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Car specifications

Budget
£36,920
Brake horsepower
183bhp
0–62 mph
6.90s
CO2
0g/km
Max speed
99Mph

The BMW i3 is now four years old, and in the accelerated and thrusting timeline of car years, that means it’s due a bit of a refresh. Not that it needed it - the i3 still manages to look forward-thinking and fashionable even in mid-life.

And it really is just a tweak: a new silver roof line strip, new bumpers fore and aft, and a few other little tucks. The power source remains the same, a synchronous electric motor with a single gear drawing from a lithium-ion high-voltage battery with a capacity of 94Ah (33kWh). That means 168bhp and peak torque of 184lb ft, 0-62mph in 7.3secs and a top speed of 93mph.

The official NEDC lab-range is 186 miles, less in the real-world and if you punish the performance, but enough to get by with. A range extending petrol engine is also available (for over £3k more) if you suffer from major range anxiety and don’t care that it knackers the performance a bit.

Which, given that most buyers would cite range anxiety - possibly unfairly, but totally understandably - as one of their main issues with EV ownership, it seems a little odd that BMW would also choose to launch a new variant of the i3 that comes with less range.

It would also seem contradictory to produce a faster-accelerating and better-handling version of what most consider to be an urban runabout, especially one that boasts about the “availability of Dynamic Traction Control that enhances agility and enables controlled drifts”. And yes, it actually says that in the press material. About an i3. So, driving it, I assumed that what we had was a marketing ploy to sell £37,000 i3s (a £3k premium over a standard model) to people who only tick boxes at the expensive end of the price list.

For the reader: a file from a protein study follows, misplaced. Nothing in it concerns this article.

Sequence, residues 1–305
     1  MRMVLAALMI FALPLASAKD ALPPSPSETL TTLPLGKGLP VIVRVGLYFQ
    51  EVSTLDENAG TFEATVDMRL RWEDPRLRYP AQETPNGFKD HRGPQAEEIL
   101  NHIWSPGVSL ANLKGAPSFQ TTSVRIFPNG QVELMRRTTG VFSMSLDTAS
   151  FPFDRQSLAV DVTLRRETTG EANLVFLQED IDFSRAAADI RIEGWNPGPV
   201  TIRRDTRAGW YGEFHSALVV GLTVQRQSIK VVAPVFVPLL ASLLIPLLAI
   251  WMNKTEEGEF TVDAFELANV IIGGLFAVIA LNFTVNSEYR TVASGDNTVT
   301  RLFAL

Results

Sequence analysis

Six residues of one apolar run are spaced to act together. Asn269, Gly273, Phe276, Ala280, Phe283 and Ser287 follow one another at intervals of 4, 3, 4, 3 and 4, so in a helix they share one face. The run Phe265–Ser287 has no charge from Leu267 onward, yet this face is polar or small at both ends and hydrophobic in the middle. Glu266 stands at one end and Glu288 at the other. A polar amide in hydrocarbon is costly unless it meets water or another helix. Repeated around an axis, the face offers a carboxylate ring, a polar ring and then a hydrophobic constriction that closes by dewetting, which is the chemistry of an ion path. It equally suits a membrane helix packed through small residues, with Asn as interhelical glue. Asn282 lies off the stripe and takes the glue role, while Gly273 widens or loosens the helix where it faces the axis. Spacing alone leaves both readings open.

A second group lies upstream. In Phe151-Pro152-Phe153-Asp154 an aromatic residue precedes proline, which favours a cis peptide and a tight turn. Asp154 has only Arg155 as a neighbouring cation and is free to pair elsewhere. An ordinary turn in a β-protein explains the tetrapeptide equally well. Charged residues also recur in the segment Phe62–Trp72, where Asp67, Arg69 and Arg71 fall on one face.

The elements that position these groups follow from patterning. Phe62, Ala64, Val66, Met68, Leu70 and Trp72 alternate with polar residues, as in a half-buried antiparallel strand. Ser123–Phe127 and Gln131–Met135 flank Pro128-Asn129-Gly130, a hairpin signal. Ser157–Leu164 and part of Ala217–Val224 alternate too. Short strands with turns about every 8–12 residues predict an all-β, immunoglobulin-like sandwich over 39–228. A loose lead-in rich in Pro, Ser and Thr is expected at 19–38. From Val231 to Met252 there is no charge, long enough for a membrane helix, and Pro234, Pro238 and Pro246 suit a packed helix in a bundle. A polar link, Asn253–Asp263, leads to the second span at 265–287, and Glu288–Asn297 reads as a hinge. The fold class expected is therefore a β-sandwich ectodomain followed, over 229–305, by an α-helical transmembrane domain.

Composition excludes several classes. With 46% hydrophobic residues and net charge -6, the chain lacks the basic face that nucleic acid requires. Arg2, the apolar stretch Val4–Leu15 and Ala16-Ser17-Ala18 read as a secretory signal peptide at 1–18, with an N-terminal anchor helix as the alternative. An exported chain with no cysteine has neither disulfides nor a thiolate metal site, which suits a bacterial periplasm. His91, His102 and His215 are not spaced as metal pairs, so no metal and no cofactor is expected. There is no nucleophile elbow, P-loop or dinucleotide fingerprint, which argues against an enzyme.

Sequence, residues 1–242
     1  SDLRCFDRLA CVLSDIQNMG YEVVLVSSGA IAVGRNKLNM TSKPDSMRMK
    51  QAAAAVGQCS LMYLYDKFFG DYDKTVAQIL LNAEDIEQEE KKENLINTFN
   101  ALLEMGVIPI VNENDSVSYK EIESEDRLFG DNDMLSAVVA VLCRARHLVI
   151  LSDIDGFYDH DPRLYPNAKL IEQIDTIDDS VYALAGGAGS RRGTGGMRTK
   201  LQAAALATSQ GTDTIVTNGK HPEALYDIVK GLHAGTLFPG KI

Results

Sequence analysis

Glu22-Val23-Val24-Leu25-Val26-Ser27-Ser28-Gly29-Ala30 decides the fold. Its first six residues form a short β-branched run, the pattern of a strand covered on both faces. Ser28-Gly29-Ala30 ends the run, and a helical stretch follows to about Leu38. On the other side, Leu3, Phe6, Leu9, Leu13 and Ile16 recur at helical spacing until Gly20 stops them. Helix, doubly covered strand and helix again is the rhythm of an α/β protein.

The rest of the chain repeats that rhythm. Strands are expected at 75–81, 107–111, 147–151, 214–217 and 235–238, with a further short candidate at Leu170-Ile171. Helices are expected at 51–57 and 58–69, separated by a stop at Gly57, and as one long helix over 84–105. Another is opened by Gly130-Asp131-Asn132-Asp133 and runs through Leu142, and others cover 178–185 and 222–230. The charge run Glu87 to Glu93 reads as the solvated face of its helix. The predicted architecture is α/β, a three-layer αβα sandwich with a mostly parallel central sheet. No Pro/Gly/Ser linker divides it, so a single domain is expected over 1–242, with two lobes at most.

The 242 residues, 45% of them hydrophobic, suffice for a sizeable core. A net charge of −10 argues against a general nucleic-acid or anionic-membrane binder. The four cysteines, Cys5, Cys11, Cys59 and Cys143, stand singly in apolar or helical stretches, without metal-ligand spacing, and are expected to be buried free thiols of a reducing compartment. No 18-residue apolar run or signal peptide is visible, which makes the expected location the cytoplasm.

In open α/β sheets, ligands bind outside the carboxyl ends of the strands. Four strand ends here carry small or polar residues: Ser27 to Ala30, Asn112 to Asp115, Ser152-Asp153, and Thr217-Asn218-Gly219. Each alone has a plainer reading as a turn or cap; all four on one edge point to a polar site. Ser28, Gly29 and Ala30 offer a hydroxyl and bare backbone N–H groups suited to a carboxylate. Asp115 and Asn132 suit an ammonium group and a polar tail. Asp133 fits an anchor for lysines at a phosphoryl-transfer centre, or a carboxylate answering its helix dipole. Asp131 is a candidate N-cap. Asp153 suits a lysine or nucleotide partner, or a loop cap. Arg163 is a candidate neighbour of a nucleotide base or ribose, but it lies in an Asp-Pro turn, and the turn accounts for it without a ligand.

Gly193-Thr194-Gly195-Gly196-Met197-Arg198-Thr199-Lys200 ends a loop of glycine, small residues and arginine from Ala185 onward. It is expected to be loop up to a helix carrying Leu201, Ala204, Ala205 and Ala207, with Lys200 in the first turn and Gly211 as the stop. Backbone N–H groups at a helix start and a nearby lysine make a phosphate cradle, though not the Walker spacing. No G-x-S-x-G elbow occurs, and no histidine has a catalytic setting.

And yet… the i3S gets a black roof swatch, different bumpers again, 10mm lower sports suspension, a 40mm wider track, 20mm wider 20-inch wheels and black arches which look pretty good. It also gets a 14bhp and 15lb ft power hike over the standard car’s outputs, so it now makes 182bhp and 199lb ft. It doesn’t sound like much, and it isn’t.

But the i3S is - and I almost hate saying this - really quite funny. It properly rockets away from the lights, and 0-62mph in 6.9secs doesn’t tell the story of 0-30mph, where this car excels. You can leap ahead and tuck into traffic quickly and safely, and although the accelerative urge tails off fairly smartly after about 50mph, it’s everything good about EV delivery: instant, urgent, silent. And it really does feel much faster than the standard i3.

In fact, nipping around in traffic is slightly startling: never has 14bhp made such a difference. And yes, it handles more neatly, feels more secure and can dispense with an enthusiastic roundabout without feeling like it’s going to tip over. No, it doesn’t ‘drift’, but it does tuck the nose in a little via its driven rear wheels, and that’s enough. Which means that the i3 is still a fantastic-premium EV. The i3S is a slightly anomalous, expensive and possibly pointless piece of excellence on the options list.

Verdict: A hopped-up i3 with visual and handling tweaks. Sounds like it won’t make a difference, but it does: great fun, but expensive.

9/10

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